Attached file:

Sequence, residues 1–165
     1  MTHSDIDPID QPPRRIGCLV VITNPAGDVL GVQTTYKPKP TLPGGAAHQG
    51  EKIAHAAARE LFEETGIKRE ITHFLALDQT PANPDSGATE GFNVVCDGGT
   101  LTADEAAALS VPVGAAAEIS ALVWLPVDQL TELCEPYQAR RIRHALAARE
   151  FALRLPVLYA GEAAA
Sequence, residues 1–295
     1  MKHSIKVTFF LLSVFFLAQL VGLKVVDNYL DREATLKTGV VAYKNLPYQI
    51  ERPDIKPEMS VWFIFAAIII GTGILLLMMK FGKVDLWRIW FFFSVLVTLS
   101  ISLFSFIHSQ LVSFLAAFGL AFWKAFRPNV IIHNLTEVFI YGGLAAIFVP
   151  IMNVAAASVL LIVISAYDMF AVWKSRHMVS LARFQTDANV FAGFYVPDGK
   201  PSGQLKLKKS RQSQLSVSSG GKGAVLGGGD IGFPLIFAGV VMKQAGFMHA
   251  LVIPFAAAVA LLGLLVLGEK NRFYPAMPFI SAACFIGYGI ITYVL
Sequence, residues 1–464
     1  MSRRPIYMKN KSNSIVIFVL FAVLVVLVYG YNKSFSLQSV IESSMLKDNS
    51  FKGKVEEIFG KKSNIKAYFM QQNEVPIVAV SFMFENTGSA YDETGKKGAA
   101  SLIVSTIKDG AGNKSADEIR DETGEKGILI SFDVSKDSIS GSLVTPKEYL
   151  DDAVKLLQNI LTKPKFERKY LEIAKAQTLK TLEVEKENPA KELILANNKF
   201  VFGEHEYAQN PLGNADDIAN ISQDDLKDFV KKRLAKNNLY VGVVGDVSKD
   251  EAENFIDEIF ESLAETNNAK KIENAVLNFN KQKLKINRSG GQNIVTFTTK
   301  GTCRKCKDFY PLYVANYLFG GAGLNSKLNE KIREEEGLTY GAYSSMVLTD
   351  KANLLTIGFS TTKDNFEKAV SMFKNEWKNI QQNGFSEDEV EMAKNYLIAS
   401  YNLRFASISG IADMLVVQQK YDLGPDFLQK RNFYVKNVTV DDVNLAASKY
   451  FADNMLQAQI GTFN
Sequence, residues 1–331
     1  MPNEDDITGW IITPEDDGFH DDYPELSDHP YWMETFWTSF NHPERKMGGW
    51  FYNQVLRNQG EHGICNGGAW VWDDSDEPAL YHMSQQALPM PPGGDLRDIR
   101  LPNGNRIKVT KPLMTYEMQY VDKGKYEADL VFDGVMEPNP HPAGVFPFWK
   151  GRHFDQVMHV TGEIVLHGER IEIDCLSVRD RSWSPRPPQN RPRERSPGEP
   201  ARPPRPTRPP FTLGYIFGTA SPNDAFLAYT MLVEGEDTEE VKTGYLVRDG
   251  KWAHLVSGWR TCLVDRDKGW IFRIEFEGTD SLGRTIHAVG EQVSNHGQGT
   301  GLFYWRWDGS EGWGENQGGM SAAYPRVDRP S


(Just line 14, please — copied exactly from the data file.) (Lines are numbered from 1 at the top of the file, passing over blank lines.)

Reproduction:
     1  MSRRPIYMKN KSNSIVIFVL FAVLVVLVYG YNKSFSLQSV IESSMLKDNS